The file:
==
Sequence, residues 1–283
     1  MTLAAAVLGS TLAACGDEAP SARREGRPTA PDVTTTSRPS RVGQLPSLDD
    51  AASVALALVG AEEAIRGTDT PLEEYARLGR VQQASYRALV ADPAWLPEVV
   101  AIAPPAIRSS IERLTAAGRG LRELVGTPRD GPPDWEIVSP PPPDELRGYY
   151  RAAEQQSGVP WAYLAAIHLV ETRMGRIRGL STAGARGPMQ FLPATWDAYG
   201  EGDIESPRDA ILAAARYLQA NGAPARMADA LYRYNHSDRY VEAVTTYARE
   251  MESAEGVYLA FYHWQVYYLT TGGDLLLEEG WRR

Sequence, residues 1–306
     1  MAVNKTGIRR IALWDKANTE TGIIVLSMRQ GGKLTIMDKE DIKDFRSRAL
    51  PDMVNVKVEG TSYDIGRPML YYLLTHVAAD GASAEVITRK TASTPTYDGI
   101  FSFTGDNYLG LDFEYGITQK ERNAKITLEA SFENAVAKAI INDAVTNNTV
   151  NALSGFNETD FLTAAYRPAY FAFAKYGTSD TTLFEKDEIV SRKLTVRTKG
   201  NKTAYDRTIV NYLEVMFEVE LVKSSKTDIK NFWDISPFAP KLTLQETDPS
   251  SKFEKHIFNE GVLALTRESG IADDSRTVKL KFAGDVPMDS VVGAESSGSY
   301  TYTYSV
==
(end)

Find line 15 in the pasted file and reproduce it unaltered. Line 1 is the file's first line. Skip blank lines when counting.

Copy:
   301  TYTYSV